I’m enjoying this quite a bit.  I like the stories, and I like their slightly offbeat execution.  And while Nanami is still taking some time to settle with me, I do like watching her work her way through the various problems here.  I also love watching the budding relationship between Tomoe and Nanami, if only because both are equally cold and devoid of affection.  I also liked that Kurama stuck around.  He is entertaining, but he also clearly has ulterior motives.  I want to see what he’s getting at, and I can’t wait to read more about Nanami’s difficulties in finding her new life and working things out with Tomoe.  It’s not overtly amazing, but I can see it’s taking its time to settle in and really tell a good story with good characters.  I like what I’ve seen so far.

This was a review copy provided by Viz.


Kamisama Kiss 1

Julietta Suzuki – Viz – 2010 – 8+ volumes

With all the recent talk about another Julietta Suzuki series (Karakuri Odette, the subject of a recent Moveable Manga Feast). I wanted to read something by this author, and while Karakuri Odette does sound wonderful, a plot about a girl stepping into the shoes of a rural nature deity is more my cup of tea.

So, Nanami isn’t doing so well. Within the first few pages, her deadbeat dad skips town and her house is repossessed as a result of his enormous debt. Destitute, Nanami has no place to go. After saving a random stranger from a dog, she spills her guts to him. He gives her a kiss and offers her a place to stay, which turns out to be a shrine. Of course, since this is a shoujo manga, it turns out the mysterious stranger was actually a kind of deity, and he, of course, ditched his shrine and passed the power onto Nanami. She has two servants who beg her to stay in the role and a surly fox assistant that could care less. She is, understandably, reluctant, seeing as how she’s never been a deity, and who is she to pretend? But her life’s such a mess… why not?

This has a lot of good ideas, but hasn’t quite clicked with me yet. I’m having problems with story logic, of all things. It bothered me that Nanami’s school life disappeared and the time frame became unclear after she entered the shrine. We saw some schoolmates at the very beginning, and school comes up infrequently after that, but being the kami seems to mean that she can’t go to school, and this isn’t something that’s addressed directly. There’s also a lot of things going on at once in this first volume. Nanami gets her powers, uses some power, grows her power, has a lot of off and on moments with Tomoe, the assistant, some crossing over into the spiritual world and issues with that, and there’s even time for a one-shot or two. All of it is good, but it’s too much at once.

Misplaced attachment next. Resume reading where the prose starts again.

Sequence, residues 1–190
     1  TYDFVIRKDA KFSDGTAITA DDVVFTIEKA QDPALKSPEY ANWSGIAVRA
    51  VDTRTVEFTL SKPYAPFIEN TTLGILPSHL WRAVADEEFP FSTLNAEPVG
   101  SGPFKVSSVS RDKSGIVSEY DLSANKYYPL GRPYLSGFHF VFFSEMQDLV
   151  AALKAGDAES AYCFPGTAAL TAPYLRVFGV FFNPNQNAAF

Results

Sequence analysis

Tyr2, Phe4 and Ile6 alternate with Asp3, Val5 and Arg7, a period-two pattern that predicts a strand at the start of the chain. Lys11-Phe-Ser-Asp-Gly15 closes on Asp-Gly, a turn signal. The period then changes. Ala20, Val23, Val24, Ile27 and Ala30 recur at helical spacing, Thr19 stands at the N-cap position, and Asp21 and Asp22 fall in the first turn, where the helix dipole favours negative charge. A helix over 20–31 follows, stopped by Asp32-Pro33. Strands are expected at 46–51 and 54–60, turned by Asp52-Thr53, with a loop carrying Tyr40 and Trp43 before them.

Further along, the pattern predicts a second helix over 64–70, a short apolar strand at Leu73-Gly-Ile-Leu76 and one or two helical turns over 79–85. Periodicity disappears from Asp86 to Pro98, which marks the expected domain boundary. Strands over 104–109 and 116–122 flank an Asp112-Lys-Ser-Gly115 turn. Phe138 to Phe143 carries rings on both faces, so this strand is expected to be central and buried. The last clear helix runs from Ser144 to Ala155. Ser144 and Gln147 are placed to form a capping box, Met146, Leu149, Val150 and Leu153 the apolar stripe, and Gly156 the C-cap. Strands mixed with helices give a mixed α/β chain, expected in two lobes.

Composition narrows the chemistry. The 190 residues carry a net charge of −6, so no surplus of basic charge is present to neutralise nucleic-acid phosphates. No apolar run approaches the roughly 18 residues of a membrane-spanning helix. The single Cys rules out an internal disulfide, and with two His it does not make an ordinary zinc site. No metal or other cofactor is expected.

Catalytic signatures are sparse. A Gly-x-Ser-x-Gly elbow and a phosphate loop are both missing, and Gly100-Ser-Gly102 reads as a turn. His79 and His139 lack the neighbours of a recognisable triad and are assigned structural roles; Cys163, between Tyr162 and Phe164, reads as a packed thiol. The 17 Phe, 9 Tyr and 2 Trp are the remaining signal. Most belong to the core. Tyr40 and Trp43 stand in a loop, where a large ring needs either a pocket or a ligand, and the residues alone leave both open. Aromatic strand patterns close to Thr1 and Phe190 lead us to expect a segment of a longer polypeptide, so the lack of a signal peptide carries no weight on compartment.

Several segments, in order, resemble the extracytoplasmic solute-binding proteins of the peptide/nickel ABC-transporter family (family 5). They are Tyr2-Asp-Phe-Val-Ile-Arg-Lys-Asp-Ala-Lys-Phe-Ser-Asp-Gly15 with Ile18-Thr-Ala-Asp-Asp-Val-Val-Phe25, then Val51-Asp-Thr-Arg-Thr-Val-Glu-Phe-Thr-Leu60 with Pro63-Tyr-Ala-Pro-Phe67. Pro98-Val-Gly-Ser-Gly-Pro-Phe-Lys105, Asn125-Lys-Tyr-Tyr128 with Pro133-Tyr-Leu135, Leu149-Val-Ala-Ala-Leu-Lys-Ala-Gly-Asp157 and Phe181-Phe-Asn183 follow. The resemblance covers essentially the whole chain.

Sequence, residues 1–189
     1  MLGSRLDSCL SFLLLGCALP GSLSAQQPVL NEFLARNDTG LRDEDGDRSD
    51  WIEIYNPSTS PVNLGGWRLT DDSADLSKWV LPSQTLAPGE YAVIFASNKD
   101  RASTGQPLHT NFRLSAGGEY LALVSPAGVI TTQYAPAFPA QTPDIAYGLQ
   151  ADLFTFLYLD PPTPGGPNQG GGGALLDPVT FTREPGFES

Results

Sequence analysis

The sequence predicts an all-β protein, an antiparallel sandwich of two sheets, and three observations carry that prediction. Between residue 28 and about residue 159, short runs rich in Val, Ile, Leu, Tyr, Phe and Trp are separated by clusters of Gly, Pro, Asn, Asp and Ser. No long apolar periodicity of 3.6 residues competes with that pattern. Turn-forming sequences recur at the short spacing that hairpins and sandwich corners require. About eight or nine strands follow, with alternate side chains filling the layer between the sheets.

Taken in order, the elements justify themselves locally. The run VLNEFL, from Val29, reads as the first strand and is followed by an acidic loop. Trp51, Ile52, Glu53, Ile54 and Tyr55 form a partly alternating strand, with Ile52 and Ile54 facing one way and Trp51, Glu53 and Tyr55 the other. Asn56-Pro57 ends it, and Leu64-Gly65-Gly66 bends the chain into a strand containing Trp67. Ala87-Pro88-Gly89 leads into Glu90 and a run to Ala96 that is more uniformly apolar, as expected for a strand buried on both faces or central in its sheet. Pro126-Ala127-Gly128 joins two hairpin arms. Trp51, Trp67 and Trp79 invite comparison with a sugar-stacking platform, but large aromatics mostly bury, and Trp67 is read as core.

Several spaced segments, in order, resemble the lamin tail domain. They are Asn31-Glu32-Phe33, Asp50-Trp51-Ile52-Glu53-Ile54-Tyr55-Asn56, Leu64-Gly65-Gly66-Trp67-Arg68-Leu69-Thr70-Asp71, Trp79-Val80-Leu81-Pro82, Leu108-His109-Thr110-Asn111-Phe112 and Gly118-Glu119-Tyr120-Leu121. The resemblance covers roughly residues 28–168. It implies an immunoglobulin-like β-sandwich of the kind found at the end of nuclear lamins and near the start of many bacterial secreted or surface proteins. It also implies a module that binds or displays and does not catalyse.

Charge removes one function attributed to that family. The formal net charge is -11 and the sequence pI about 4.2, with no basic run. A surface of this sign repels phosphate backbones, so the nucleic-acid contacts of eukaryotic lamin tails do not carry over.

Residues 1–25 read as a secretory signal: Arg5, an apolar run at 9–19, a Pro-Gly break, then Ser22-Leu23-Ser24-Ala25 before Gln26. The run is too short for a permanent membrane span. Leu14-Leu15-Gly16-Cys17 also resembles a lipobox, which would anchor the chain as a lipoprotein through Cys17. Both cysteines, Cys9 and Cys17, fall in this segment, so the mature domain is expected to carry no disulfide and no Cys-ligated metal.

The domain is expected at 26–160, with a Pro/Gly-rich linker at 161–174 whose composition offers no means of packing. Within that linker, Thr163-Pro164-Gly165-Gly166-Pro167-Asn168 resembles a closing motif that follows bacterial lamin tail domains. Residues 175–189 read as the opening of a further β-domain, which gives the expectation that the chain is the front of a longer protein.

It’s clear that Tomoe, a fox spirit and Nanami’s intended assistant at the shrine, is being set up as a love interest, and his fickle nature is a lot of fun so far. I also love the detail that goes into the telling of the story. I’m fond of stories that lean heavily on Japanese folklore, and we see a lot of spiritual creatures and learn about how shrine prayers work in the world of the series. One of the shrine clients so far is a kind of fishwoman/spirit that Nanami has to help find love. We pick this story back up in volume two, but I wonder if the shrine will have many such supernatural clients. Nanami’s powers as a kami are also a lot of fun (it has to be an ability she has, and she executes them by writing them down on a piece of paper), and that can turn into something spectacular. There are issues with mortality versus being a kami in the spiritual realm, too, and that might also be something that is pursued later.

Nanami herself is showing a lot of promise in this first volume, too. She’s got a lot of backbone, and I liked that she had moral quandaries about acting as kami, that it even came up, rather than her just “accepting” her new powers. She does have a messy life at the beginning of the book, and I like that she just does her best… not with a whole lot of optimism, but she does her best anyway.

The first volume is messy, but has a lot of great ideas and shows promise. If it focuses and develops its ideas, I think it could go wonderful places, and I’m looking forward to the second volume.